Good Luck!
  6. 0
    Quote from Lambert5883
    IHowever, after reading some of the more recent posts on this board, with regard to the 'ICU criteria', I'm wondering if maybe I should instead just go Active Army once I graduate. Also, being familiar with some of the negative aspects of nursing (my wife is a nurse), I'm not too sure I want to deal with the lack of professionalism that can be found on the civilian side, sometimes. What I'm asking is:

    1) If you have an Active duty candidate w/o direct ICU experience and a USAR candidate w/ direct ICU experience, who gets the spot?

    2) If going Active duty initially after graduating, is it likely that I my plans for nursing anesthesia may not come into fruition for 3 - 5 years, due to the realistic aspects of military life?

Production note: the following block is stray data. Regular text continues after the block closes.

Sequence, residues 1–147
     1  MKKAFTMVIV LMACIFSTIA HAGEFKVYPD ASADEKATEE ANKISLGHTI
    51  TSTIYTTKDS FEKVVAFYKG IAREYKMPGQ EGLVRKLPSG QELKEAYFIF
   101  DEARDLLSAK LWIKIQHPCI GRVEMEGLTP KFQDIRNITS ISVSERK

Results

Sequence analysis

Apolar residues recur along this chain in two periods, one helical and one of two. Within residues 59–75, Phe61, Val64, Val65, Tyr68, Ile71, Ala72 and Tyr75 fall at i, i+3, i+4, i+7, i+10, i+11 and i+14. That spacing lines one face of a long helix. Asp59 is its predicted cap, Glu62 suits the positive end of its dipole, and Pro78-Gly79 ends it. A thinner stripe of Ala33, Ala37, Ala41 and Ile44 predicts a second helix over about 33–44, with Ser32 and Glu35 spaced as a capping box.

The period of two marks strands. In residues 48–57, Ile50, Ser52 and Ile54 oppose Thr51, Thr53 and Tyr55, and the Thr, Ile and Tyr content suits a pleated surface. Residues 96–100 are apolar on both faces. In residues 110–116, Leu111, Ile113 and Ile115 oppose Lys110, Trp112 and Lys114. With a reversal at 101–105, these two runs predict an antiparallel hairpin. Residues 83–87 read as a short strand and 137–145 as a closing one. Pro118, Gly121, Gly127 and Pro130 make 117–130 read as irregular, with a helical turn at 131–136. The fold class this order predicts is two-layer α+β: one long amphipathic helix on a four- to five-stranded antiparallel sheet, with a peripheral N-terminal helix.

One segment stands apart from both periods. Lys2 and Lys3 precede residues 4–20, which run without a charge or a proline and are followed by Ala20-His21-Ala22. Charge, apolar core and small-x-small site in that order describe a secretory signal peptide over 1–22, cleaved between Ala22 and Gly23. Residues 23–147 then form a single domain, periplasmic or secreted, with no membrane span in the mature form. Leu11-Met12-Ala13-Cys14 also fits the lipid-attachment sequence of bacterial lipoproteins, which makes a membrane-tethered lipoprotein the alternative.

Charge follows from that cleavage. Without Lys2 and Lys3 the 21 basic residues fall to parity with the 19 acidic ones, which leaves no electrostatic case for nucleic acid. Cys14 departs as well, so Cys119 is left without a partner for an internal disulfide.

For your goal of becoming a CRNA, I believe taking the route of the Army's program would be the fastest route. Annually the Army does not recieve enough qualified applicants to fill all available seats. You have a couple options.

    1. Your senior year( using your 2007 grad date) start working with an Army health care recruiter in Jan to start the process of applying to the CRNA program for the June 2008 class as a direct assession candidate. Make sure by that time you have completed as many eligibility requirements as possible. Here is the link. http://www.dns.amedd.army.mil/crna/A...reservists.htm
    Just make sure you begin working in an ICU immediately upon graduation to fulfill the time requirement. This route would allow you to get into school 1 year after graduation.

    2. You could go the Acitive duty or reserve route to apply and I believe the earliest you could enter the program would be two years due to the time on station requirement. Just look in the section on the above link.